The household is a basic unit of society where men and women both cooperate and compete for resources. It is also a primary place where they confront and reproduce societal norms, values, power, and privileges. Under increasing economic pressure, men in many parts of the world have lost their traditional occupations and jobs, and women have been forced to take on additional income earning tasks while continuing their domestic tasks. These changes have touched core values about gender identity, gender power, and gender relations within poor households.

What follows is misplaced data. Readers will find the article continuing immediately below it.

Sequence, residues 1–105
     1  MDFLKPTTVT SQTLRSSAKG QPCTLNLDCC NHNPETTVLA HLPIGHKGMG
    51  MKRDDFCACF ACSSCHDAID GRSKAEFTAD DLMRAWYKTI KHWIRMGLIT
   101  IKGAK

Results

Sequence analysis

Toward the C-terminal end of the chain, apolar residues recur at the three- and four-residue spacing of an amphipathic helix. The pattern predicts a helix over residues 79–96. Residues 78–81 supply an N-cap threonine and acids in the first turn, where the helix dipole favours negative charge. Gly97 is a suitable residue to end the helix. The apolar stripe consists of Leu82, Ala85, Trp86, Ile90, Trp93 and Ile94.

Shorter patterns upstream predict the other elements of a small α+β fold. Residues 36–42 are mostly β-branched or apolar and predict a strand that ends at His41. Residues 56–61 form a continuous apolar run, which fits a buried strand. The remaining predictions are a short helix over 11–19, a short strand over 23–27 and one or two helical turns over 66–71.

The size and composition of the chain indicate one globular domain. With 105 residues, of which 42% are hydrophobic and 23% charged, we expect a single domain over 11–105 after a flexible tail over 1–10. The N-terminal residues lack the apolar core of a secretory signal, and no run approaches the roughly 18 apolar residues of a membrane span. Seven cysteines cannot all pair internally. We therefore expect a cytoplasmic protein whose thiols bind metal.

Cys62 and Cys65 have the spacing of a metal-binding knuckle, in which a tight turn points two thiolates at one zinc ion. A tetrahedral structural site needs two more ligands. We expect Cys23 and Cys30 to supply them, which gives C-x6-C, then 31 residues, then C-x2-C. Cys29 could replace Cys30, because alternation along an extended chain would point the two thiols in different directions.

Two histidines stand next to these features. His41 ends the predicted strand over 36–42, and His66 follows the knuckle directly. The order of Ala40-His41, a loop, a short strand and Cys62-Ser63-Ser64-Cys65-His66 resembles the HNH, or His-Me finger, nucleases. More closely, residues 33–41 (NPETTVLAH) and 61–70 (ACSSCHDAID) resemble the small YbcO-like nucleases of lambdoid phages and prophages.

As a result of the age long traditional gender norms which have resulted in economic imbalance between men and women, it has thus prevented them from being able to equitably generate socioeconomic development and therefore leaves the poverty trend at the household and community level at an increasing rate. To have a better understanding of these, PIND commissioned a study to identify and analyze these gender norm and their impacts on equitable socioeconomic development in 3 states in the Niger Delta.